With the potential of discovering the majestic relationship with a higher power, you can find how mental health can be helped by the Christian Faith.  While church hurt can be real and fundamentalism requires balance, so is the undeniable support that is offered when you find like minded individuals.  Social support is deeply connected to your emotional health.  Religious communities often provide a supportive social network to fight battles that are often unseen in the general public.  When matters of the heart are heavy, having a sense of belonging and community is a fantastic thing. This can be beneficial for mental health, especially during times of stress, sickness, divorce, loss, natural disaster, and/or job termination. For example, researchers at the Mayo Clinic found that most studies have shown that religious involvement and spirituality are associated with better health outcomes, including greater longevity, coping skills, and health-related quality of life (even during terminal illness) and less anxiety, depression, and suicide. Several studies have shown that addressing the spiritual needs of the patient may enhance recovery from illness. I have felt stronger in my own life because I was surrounded and supported by people many times from my church. 

         For some individuals, Christian beliefs can serve as a positive coping mechanism. Christianity can provide a sense of purpose other than one’s self. It can provide comfort and hope during challenging times.  Especially in trauma, this is important when encountering questions that are beyond your own comprehension and the question is often, “why?” To be able to still your heart and know, without doubt because your faith is so strong, that God is in control.  This can greatly ease your mind. Christian beliefs may offer a clear sense of identity and purpose, providing individuals with a framework for understanding the world and their role in it.  80% of research on spirituality/religiousness and health, focuses on mental health. This is because most associations with faith are related to how one thinks about the world and their role in it. Words that are often associated with religious beliefs include connectedness, hope, optimism, trust and purpose. All of which have been shown to boost mental health. Compassion, forgiveness and gratefulness are also qualities that are strongly associated with individuals who are spiritual and religious. Practicing these qualities is thought to be associated with deceased stress and increased resiliency.

– Religion, such as Christianity, can also help clarify the difference between right and wrong.  It can provide biblical guidelines that can shape ethical behaviors. When it is time to abstain from over drinking or recognizing the signs of addiction within yourself it can help you make choices that are good for your mental health.  Christianity can help shape behavior and healthy decision-making, contributing to a sense of moral clarity and knowing that you were put here on this earth for a God given reason and purpose.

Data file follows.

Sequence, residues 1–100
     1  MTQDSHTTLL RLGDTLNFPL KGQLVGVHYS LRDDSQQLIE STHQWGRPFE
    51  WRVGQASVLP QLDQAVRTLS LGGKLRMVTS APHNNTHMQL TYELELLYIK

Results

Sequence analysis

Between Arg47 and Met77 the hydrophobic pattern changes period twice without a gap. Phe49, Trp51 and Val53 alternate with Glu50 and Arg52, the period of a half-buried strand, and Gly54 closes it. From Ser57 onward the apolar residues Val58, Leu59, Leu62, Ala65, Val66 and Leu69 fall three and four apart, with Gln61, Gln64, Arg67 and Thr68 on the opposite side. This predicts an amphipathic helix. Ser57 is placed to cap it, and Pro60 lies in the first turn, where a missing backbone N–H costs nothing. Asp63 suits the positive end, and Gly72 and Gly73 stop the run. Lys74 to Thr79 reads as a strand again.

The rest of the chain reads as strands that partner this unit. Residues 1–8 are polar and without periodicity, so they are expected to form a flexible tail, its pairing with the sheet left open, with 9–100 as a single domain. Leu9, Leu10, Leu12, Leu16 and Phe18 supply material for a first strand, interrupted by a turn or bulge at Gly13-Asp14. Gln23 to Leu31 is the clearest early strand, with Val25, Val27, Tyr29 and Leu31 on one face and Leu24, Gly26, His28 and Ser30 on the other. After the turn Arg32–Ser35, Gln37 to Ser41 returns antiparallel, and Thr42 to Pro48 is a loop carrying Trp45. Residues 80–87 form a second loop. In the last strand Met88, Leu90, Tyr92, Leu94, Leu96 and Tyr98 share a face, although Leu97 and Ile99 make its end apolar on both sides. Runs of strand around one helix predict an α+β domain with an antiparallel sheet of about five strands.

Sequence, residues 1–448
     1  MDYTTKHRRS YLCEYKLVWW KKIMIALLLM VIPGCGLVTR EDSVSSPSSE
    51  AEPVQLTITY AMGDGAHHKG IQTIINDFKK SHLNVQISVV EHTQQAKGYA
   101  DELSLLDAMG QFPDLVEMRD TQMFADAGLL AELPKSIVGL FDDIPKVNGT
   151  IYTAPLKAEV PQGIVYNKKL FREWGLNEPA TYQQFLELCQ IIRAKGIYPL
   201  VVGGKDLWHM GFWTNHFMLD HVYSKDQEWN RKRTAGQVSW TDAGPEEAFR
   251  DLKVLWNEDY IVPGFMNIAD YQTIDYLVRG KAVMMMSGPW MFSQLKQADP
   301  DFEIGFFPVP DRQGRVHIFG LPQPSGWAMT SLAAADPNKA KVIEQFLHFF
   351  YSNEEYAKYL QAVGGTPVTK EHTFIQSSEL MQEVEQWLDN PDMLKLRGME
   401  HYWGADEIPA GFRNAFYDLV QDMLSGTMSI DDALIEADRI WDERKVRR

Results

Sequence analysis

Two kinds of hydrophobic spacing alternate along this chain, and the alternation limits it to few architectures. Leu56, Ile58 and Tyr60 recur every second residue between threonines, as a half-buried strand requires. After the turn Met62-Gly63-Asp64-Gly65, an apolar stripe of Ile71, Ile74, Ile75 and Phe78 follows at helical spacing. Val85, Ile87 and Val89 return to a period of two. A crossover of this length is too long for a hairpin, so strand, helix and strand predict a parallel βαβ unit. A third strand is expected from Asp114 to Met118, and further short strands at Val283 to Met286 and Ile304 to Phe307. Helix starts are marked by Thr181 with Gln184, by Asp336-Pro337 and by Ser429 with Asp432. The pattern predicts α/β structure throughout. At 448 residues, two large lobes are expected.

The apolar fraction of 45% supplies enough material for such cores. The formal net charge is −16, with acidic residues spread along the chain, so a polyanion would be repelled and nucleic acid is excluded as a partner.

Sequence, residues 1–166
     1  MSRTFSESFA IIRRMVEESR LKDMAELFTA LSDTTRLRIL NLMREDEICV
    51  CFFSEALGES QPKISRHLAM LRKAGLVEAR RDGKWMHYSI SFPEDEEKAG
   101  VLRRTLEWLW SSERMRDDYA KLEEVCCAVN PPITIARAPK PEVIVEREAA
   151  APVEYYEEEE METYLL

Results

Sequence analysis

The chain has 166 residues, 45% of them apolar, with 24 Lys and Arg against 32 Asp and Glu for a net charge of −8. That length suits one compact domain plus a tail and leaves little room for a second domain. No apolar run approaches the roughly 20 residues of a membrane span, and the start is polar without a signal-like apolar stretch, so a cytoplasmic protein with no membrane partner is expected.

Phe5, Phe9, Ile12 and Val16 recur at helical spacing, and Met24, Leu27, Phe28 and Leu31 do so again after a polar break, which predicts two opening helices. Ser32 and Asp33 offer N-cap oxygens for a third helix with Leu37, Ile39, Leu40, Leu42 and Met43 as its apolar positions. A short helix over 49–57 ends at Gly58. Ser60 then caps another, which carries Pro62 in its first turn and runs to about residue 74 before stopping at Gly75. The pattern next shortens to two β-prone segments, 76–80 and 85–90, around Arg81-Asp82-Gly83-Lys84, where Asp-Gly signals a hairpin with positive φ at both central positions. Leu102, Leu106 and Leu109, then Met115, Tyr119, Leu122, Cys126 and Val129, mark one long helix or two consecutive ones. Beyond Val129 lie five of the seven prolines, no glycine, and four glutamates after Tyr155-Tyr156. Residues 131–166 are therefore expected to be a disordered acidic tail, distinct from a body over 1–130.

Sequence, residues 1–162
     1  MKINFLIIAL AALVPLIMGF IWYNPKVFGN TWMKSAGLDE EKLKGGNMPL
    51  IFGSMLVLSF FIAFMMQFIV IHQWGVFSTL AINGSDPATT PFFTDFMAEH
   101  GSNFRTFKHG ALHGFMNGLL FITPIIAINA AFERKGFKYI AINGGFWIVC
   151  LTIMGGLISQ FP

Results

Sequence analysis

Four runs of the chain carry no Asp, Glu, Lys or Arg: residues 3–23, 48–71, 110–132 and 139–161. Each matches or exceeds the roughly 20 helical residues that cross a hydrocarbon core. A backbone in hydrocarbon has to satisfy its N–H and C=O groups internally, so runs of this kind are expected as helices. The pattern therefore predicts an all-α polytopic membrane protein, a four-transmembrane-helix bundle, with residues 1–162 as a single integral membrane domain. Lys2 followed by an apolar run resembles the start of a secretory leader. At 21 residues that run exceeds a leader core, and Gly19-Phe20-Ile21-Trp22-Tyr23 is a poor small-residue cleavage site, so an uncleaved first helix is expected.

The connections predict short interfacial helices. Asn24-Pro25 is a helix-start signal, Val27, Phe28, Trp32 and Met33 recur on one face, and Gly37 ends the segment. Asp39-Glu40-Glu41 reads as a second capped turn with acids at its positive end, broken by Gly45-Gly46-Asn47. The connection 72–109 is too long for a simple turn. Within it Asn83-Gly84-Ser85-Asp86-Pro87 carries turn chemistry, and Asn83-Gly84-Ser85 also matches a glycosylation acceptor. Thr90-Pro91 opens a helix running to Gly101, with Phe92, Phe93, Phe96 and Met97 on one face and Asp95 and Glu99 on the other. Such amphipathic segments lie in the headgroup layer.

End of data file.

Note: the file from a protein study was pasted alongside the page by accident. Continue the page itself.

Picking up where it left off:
Prayer can be a type of cognitive therapy. Reciting prayers, chanting mantras and engaging in deep contemplation affect worshipers in multiple ways. These practices slow breathing and brighten emotional states, with a direct positive impact on the cardiovascular system. They alter thought processes, imbuing situations that might seem hopeless with a sense of optimism, which is also linked to improved health. During life changes prayer has the opportunity to help manage your emotions and channel your feelings in a healthy way.

– The pressure to be an example of my faith, my spirituality, and belonging to an organized religion has not always been easy nor would I say mentally healthy for me; however, my faith has kept me grounded in times of distress, giving in times of need, forgiving in times of personal hurt, brave in times of political conflict and more. 

 – Many mental health discussion topics can further be discussed such as martyrism or spirit sightings. Even with the disadvantages of Christian religion, I have still chosen to raise my kids up to be spiritually strong, know they are loved by the creator of all, apply the Bible when making big decisions, pray when conflicted, and love even in disagreement.  I hope they continue with these things when they turn to adults.  When life is hard, I will know they will have a spiritual foundation that can help their mental health.  

– Even though my footnotes didn’t carry over from my original paper, I wanted to include my resource links on my post.

Resources

https://www.psychologytoday.com/us/blog/mind-in-the-machine/201810/how-religious-fundamentalism-hijacks-the-brain

https://www.mayoclinicproceedings.org/article/S0025-6196(11)62799-7/pdf

https://www.forbes.com/sites/nicolefisher/2019/03/29/science-says-religion-is-good-for-your-health/amp/

https://www.wsj.com/articles/is-religion-good-for-your-health-921814a7